>cocked hat would look like, personally I am convinced that the darkest
    >cumulative shading would be a plateau inside the triangle. This would show that
    >the further you go from the �Center of gravity� of the triangle the lighter the
    >shading would be. Therefore by inference the highest probability of the true
    >position fix would be inside  the triangle.
    >PS.  In surveying it is common to find �the most probable position� in a
    >triangle of error produced by three sight lines,  by drawing lines inside this
    >plotted  triangle, parallel to each side, at a distance from the side
    >proportional to the length of the observed ray so as to produce a smaller
    >triangle inside the first. This is applied successively until the smallest
    >acceptable triangle is found and this then becomes the surveyed point.
    >Clive Sutherland.
    I don't think I find any serious disagreement with anything Clive has said.
    I agree that the most probable position for a three-bearing fix is going to
    be somewhere within the triangle. I agree that when entering on the chart
    the result of a cocked hat plot, it is sensible to plot a point somewhere
    within the triangle as being the best estimate that can be made of the
    vessel's position, though keeping aware of the deficiencies of that process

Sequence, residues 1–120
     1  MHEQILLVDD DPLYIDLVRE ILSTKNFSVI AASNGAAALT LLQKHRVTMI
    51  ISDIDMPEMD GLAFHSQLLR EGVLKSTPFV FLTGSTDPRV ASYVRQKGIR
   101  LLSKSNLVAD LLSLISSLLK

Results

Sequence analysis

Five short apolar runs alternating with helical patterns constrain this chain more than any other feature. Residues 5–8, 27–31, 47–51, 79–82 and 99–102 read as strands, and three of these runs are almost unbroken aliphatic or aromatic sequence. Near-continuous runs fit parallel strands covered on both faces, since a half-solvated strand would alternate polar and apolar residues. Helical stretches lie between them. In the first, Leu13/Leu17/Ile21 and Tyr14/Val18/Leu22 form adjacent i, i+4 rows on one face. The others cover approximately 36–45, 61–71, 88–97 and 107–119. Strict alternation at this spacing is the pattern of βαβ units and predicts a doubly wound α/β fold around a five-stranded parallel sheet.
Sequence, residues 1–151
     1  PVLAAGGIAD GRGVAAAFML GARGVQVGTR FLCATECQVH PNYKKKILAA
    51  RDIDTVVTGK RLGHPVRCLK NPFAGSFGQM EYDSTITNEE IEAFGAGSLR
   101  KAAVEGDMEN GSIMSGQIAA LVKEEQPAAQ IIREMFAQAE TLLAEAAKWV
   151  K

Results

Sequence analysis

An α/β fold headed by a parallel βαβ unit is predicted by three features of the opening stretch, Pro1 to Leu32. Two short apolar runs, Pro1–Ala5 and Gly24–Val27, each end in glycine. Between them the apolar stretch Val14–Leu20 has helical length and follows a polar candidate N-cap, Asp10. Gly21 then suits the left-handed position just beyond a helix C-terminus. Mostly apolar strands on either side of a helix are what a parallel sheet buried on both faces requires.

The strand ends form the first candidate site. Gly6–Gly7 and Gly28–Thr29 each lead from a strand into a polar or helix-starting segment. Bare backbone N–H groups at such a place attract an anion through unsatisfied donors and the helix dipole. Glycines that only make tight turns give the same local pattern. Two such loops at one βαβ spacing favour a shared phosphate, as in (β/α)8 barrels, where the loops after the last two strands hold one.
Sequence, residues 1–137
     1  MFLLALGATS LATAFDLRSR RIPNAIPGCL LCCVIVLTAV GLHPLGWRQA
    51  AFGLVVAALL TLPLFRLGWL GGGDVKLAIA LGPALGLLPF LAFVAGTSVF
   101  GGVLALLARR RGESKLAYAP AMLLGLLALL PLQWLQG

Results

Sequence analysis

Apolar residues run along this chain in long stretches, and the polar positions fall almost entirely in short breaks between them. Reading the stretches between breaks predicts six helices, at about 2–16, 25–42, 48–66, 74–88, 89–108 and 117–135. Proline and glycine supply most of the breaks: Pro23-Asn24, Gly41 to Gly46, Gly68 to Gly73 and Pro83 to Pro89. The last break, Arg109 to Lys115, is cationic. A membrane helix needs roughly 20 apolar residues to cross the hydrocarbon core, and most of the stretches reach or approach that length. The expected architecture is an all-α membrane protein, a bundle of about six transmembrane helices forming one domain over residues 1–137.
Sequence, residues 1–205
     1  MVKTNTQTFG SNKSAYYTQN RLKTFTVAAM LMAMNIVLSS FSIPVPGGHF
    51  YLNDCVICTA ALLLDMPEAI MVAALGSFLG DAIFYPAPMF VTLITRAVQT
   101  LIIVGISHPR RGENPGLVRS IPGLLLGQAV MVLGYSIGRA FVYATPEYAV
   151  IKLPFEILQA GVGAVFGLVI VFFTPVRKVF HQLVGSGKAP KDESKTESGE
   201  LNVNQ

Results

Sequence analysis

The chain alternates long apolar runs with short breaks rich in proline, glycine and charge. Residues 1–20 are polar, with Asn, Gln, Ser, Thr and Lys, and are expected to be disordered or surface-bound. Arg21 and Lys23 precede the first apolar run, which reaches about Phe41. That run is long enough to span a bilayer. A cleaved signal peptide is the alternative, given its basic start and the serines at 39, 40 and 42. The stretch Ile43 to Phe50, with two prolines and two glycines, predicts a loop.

when taking account of nearby dangers.
    But that's not what we have been discussing. We have been asking "What's
    the probability of the position being within that triangle AT ALL?" And
    that's what has come out to be 25%, according to me and to JED Williams.
    That is quite compatible with the notion that the most probable position
    (the point where the probability density, or probability per square foot,
    is greatest) is within the triangle.
    Does Clive maintain, I wonder, that the triangle of the cocked hat MUST
    contain the true position, the conventional wisdom that so many have
    accepted in the past?
    George Huxtable.
    George Huxtable, 1 Sandy Lane, Southmoor, Abingdon, Oxon OX13 5HX, UK.
    Tel. 01865 820222 or (int.) +44 1865 820222.